have been bitterly opposed. In Australia the trade unions dominate the Labor party; but there have been in recent years fierce struggles within them between Communists and anti-Communists, with governments intervening to prevent Communist control. The same struggle has taken place in New Zealand, where the Communist-controlled unions at the ports were broken up in 1951 and replaced by new unions under anti-Communist leadership. In India there are rival movements headed by Communists and by Socialists and adherents of the Congress party. In China a vast new trade union movement is being established under Communist control. In Japan the unions have been set up on a nonpolitical basis under the American occupation, but are now a battleground of rival political tendencies. In Malaya there is a struggle between Communist-dominated groups and new unions set up with official encouragement on West European lines. In the West Indies, trade unions established mainly among plantation workers under nationalist leadership have passed from tumultuous beginnings to serving as the main support of nationalist politicians in office. In West Africa, again, nationalism has played a large part in the growth of trade unions, which tend to be fully as much political as industrial organizations. In French Northern Africa there is a struggle between Communists and anti-Communists for the control of unions still for the most part at a rudimentary stage of growth.
Thus, in each country, trade unionism is shaped not only by the form and stage of economic development, but also by the political conditions and by the general structure of the society in which it has to act. . . . In most countries trade unionism remains predominantly an urban movement. There are quite strong unions of agricultural workers in Great Britain, among the vine-growers in France, and in a few other countries. But there is little room for agricultural trade unionism in peasant countries--peasants organize mainly cooperative societies of various types--and even in industrialized countries firms are often fairly small, so that the hired workers are widely scattered and difficult to organize. In countries dominated by "plantation economy," there is more scope for trade unions; but they are often bitterly opposed by the planters, and in a good many cases the plantations are manned largely by imported workers, who cannot easily combine with others in a country from which they expect to return home later on.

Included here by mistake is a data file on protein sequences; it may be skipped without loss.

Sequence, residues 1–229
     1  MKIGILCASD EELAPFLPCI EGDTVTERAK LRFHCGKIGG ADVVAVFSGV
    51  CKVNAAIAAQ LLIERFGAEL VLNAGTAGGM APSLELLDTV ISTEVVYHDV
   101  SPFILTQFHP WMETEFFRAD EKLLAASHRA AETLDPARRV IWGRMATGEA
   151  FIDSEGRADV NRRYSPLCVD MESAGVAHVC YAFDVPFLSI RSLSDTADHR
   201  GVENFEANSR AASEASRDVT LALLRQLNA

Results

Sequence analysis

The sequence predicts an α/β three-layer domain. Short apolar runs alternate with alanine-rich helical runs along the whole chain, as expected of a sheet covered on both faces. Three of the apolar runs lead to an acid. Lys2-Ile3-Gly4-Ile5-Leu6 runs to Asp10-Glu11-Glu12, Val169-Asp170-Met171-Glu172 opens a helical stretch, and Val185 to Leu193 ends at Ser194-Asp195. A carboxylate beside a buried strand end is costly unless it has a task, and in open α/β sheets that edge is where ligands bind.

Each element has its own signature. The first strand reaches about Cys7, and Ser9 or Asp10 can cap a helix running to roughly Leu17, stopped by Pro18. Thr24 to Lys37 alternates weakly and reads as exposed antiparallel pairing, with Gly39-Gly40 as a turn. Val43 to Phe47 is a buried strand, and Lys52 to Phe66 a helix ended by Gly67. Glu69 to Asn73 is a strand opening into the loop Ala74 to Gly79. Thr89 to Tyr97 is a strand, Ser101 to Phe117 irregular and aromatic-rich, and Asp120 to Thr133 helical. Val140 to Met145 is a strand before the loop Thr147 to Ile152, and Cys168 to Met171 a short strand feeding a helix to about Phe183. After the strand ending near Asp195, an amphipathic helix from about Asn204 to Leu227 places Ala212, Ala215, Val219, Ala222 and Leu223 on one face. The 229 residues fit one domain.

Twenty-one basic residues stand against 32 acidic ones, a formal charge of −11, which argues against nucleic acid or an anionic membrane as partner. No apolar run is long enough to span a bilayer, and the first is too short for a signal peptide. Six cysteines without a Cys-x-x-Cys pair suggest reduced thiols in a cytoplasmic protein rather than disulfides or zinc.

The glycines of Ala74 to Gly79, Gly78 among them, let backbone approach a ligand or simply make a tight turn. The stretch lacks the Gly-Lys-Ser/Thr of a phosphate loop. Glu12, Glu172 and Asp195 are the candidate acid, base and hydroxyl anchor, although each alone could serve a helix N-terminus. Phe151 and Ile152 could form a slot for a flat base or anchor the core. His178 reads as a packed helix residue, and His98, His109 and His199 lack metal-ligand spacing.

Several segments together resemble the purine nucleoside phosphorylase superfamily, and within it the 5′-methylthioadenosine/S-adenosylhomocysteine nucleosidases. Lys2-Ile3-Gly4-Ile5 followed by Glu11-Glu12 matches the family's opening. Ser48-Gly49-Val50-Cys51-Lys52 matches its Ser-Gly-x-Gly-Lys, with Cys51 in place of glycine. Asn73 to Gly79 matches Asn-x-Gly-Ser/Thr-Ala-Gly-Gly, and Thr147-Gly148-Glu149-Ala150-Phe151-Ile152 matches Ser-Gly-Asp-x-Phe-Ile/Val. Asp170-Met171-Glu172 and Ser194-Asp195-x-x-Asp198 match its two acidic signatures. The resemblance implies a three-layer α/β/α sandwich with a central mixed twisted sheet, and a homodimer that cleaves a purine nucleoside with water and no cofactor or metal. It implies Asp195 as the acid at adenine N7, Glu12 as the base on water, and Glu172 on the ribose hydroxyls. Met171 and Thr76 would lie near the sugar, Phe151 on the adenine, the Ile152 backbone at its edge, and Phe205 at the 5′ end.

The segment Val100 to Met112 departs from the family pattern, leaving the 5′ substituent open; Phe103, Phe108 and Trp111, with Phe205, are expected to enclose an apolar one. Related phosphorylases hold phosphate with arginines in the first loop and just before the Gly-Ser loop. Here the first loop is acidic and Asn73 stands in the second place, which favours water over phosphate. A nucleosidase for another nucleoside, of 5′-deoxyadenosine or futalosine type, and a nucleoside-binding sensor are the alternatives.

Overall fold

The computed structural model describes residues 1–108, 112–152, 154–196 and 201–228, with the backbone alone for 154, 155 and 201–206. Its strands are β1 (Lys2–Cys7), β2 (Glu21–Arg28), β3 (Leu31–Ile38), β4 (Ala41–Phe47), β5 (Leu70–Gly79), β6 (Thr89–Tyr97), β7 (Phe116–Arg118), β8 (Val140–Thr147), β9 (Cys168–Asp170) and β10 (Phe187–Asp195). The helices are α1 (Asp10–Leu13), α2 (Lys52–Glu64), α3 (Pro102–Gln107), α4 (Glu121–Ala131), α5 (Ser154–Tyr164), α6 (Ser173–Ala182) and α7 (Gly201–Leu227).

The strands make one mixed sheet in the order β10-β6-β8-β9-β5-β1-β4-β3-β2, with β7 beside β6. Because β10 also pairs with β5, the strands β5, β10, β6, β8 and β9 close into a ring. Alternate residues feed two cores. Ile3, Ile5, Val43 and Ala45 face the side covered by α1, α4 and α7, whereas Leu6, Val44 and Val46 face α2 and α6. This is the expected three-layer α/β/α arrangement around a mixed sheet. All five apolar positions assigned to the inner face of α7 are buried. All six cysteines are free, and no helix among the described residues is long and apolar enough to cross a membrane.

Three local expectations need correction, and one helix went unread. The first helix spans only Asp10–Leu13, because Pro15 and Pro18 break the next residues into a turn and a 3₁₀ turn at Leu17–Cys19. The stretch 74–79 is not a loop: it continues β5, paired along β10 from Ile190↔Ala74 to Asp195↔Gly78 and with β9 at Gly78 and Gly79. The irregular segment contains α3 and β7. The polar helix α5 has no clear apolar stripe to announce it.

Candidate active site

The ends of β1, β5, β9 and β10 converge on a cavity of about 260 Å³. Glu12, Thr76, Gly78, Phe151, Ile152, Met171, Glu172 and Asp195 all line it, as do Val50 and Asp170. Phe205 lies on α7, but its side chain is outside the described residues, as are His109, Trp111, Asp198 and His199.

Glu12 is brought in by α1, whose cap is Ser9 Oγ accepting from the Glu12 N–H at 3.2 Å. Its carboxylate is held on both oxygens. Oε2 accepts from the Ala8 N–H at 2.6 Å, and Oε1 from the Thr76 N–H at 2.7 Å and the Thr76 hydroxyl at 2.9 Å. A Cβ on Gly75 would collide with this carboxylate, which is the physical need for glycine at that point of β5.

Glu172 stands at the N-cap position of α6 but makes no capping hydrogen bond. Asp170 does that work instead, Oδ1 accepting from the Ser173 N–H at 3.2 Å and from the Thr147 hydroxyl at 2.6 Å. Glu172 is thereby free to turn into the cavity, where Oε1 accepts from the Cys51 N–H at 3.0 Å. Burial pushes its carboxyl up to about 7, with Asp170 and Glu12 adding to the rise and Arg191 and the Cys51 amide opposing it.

Between 1933 and 1950 union membership rose fivefold--from 2.9 million to about 15.0 million.1 In 1951 there were nearly 50 million wage or salary employees--about 80 per cent of the total civilian labor force.2 These 50 million employees make up what Sumner Slichter has termed